Abolish the police?

Real change requires changes in beliefs, institutions and laws

by Phil Anderson

Abolish the police?

Defund the police?

How can society function without law enforcement?  

People are not angels and we don’t live in a utopia. This may sound like a really crazy idea – especially if you are white and have not had to live with racial profiling and excessive use of force common to many minority neighborhoods. But sometimes it is better to start from scratch rather than try to fix what is hopelessly broken.

We have a 20-year-old car that is getting seriously rusty. A cheap cosmetic repair can make it look better but it won’t eliminate the rust that will continue to rot away the car. To fix it correctly you have to cut away all the rust. This will cost more than the car is worth and we would still have an old car. We either live with the rust – hoping nothing important falls off in the road – or junk it and get a newer vehicle.

Police reform will not be accomplished with cheap, cosmetic fixes. Nor can we continue to live with excessive use of force and lack of respect for minorities and civil liberties. The deeply embedded cultural and systemic rust must be completely cut out of law enforcement.

Unless the racism, bias, excessive use of force, over-policing of poor communities, and lack of accountability are seriously addressed the problems will continue.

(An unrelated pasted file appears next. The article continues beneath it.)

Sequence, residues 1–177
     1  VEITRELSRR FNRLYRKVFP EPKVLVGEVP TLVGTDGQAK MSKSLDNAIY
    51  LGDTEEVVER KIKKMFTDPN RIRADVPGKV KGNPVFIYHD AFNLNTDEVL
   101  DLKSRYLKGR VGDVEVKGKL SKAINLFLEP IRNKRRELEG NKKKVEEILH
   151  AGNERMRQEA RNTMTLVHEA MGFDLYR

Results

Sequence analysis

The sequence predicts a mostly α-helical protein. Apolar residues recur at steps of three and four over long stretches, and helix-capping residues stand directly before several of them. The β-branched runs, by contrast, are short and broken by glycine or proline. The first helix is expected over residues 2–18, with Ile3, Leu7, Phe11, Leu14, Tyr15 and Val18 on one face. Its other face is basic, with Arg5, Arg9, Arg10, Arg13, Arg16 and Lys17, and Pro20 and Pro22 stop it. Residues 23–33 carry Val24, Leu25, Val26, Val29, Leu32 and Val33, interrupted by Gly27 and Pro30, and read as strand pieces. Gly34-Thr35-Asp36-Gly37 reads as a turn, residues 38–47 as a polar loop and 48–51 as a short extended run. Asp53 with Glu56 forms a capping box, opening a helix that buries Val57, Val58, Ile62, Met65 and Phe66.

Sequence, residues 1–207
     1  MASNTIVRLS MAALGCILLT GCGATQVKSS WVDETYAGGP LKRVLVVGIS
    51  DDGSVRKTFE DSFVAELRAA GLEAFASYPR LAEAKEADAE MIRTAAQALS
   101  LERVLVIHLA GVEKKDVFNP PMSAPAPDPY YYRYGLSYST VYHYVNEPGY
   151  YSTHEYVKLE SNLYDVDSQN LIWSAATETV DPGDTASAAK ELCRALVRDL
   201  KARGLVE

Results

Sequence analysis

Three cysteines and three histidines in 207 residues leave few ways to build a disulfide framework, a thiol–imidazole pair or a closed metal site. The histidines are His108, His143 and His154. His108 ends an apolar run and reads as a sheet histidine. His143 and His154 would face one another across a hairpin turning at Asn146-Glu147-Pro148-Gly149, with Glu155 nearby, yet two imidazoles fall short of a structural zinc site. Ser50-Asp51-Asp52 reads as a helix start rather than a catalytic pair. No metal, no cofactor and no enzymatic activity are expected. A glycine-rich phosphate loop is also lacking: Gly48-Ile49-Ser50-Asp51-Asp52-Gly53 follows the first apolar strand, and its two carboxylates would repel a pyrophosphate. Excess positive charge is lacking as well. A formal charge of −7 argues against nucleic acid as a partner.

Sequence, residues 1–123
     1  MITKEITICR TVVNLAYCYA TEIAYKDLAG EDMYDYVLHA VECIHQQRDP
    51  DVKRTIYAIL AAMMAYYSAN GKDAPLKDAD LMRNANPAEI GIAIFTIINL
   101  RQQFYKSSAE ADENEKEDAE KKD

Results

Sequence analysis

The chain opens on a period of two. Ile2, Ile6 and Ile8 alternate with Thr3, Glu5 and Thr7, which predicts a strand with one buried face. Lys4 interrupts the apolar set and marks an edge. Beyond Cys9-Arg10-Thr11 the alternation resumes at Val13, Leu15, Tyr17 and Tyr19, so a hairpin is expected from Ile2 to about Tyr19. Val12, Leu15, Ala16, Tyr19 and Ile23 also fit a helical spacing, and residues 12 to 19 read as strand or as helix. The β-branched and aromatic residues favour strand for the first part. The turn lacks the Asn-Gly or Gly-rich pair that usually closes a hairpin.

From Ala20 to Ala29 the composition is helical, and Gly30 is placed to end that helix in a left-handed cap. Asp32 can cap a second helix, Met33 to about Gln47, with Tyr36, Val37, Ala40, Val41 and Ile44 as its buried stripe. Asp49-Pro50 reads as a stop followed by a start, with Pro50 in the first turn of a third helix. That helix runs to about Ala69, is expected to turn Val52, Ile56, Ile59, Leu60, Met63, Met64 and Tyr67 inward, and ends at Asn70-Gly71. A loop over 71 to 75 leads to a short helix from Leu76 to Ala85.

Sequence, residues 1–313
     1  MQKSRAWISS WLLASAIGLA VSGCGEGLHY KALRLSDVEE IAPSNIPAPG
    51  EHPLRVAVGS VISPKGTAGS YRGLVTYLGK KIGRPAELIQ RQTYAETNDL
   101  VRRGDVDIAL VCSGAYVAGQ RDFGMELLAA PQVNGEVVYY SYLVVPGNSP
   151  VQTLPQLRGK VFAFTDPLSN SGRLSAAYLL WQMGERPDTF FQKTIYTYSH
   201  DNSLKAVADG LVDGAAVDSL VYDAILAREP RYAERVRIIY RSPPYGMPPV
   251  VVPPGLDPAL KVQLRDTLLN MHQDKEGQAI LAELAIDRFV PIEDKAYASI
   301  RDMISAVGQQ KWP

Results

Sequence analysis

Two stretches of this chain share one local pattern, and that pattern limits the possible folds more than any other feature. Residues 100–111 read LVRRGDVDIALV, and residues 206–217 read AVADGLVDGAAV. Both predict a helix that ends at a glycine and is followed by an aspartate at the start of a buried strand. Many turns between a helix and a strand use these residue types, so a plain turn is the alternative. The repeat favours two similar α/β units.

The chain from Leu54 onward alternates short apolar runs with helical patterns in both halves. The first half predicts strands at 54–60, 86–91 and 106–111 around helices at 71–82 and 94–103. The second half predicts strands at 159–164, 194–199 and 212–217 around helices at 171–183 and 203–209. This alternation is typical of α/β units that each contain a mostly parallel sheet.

Efforts to reform policing have fail-ed many times in the past because the problems have been painted over rather than fixed. Commissions, studies, and politicians pontificating are ways to delay real action and maintain the status quo. It may be time to start from scratch and create a new system of public safety.

This will be huge task.

In this country there is a long history of police using excessive force, primarily against people of color but also against labor organizers, peace activists and other social dissidents.

In many ways American history has been a continuous ongoing struggle to live up the the ideals of the founding documents. Too often actual equality and justice for all has not been achieved (or even been the goal).

Greed, violence, guns, racism, poverty and militarism are too deeply embedded in our society. Real change will necessitate serious changes in our beliefs, attitudes, laws and institutions. It may necessitate taking a risk on new ideas.

There is no doubt that people of col-or and poor people (often the same people) are frequently  treated unfairly by police.

In 2018, ABC news analyzed arrest data voluntarily reported to the FBI by thousands of local police departments. They determined that in 800 jurisdictions black people were arrested at a rate five times higher than white people. In 250 jurisdictions, black people were 10 times more likely to be arrested than their white counterparts.

Police kill about 1,000 people a year. Numerous sources report that blacks are killed at double the rate of whites in proportion to their percentage of the population.